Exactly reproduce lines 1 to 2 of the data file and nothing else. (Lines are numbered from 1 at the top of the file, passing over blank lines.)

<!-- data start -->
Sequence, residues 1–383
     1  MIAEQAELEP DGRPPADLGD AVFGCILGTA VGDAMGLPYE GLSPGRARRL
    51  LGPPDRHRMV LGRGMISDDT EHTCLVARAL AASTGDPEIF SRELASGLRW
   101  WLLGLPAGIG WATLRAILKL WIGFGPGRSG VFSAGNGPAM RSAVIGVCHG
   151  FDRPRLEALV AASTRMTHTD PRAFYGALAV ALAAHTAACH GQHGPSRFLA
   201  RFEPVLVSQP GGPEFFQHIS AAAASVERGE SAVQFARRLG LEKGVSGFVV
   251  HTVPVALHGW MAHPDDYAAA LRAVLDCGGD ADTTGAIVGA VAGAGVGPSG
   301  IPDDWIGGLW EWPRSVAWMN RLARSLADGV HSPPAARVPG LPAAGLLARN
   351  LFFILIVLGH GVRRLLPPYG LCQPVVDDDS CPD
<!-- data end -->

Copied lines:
Sequence, residues 1–383
     1  MIAEQAELEP DGRPPADLGD AVFGCILGTA VGDAMGLPYE GLSPGRARRL